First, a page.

RBS vs PwC

RBS
#1

Hey guys,

I’m very lucky to have two graduate offers on the cards and I’m trying to decide between them. I have Corporate Finance at PwC and Corporate Banking at RBS. The job roles appears to be very similar at both places despite being in different industries, including M&A, asset financing, debt management etc. I think the salary at RBS is higher but at PwC I would be studying for ACA so I’m unsure which is the best for future career prospects. The ACA is constantly recognised as a valuable qualification but I see it as more of an accounting qualification and I’m sure that I don’t want to be an accountant.

Basically I don’t want to go for the higher salary at RBS my career prospects are going to be better getting ACA at PwC - any thoughts?

#2

Hey Sheephead,

Congratulations on the offers. I was/am in similar position as you (I received six different offers so far this year). After receiving very kind and insightful guidance from some of the people here; I have decided to work for RBS. Unlike you for my programme; I will be allowed to study for ACA and it is a three years rotational programme.

My understanding is that the Corporate Banking programme is only for 12 months; therefore if you can make a very good immpression in that time with any of the Global Banking functions (i.e. origination); then they will offer you a further contract. On the other hand; PwC contract should be for three years and you will be working in Corporate Finance. Working in Corporate Finance gives you a huge advantage over someone who works in Audit/Assurance. PwC is more secured and after three years it will be very easy for you to move across to an investment bank’s corporate finance/IBD department because you will have the knowledge, relevant experience and hopefully you will be involved with few headline grabbing mid-market transactions. The ACA is without a doubt a very advantageous qualification for the City; and none of the IBs or banks can compete with the study support the Big4 provide at present. In fact you will only be working 7.5 months during your first year. One very experienced person from here mentioned that; after three years with a Big4 Advisory division, one can even move to PE.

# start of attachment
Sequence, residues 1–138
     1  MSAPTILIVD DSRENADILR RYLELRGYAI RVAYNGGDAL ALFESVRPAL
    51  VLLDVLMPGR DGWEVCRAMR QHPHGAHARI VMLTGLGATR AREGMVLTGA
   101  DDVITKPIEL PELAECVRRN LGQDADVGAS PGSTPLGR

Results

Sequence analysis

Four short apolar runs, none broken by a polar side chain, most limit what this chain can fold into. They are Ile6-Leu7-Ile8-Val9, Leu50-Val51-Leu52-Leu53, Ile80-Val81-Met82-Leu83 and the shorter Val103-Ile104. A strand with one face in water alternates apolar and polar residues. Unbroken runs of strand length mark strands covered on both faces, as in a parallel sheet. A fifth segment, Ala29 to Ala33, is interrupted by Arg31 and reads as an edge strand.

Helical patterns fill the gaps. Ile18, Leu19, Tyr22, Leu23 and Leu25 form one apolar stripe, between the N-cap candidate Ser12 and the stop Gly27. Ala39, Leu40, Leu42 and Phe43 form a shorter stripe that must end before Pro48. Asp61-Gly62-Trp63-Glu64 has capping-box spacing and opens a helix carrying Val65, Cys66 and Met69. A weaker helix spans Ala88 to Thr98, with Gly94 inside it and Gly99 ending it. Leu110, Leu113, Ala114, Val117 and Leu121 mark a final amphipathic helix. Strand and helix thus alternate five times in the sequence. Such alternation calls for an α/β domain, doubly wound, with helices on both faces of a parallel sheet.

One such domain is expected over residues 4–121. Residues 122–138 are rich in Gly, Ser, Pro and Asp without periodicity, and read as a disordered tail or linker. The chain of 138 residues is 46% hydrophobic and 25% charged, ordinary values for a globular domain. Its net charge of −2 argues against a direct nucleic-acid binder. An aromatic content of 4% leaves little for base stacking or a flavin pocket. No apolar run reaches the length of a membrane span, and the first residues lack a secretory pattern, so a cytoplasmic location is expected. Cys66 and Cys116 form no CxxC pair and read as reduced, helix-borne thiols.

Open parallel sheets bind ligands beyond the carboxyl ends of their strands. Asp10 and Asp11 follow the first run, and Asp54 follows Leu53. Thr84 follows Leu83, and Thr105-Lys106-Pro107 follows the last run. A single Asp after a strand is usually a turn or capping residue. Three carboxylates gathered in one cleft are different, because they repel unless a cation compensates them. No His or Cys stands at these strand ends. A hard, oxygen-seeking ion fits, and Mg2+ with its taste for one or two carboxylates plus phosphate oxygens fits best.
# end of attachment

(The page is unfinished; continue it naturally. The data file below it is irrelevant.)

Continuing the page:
Personally, I feel the RBS offer is risky if it is only for 12 months, and I would probably go for the PwC contract. However, if it is a 3 years contract than I will choose RBS over PwC.

I hope this helps. Have a mery Xmas and prosperous new year.

Aj

#3

agree with AJ
just curious
@sheephat as far as i know pwc even didn’t begin their interview for corporate finance how did you get the offer?btw i appied for it as well huh first assessment would be in jan.?

#4

Presume he received an offer after an internship then.

Lil.x

#5

Also should say RBS would have a lot to offer in terms of experience as well.

From what I’ve seen and been told, all RBS offers are permanent contracts so no need to worry about finding a job after the year is over unless you want the change, and if you impress there is opportunity to rise very quickly through the company. A family friend told me how a past graduate of a programme came to work for her then alongside her before being promoted ahead of her, even though she was consistently being rated as one of the best in her division.

And congratulations on the offer, wish I had been as lucky as you.

Lil.x

#6

Hey guys,

Thanks those are really helpful comments.

Harryleo - I did an internship at PwC so got the offer in August dependent on getting a minimum 2:1.

AJ you’re right, all the literature for Corporate Banking says its a 1 year scheme but this year its been increased to 2 years so should give a bit more grounding and experience.

I also asked about progression at RBS and after the two years you are pretty much guaranteed a job with them - they don’t want to train people up to not keep them. I think I need to really look into the ACA to work out how valuable it will be for me in future. These comments are really helpful though guys, thanks.

#7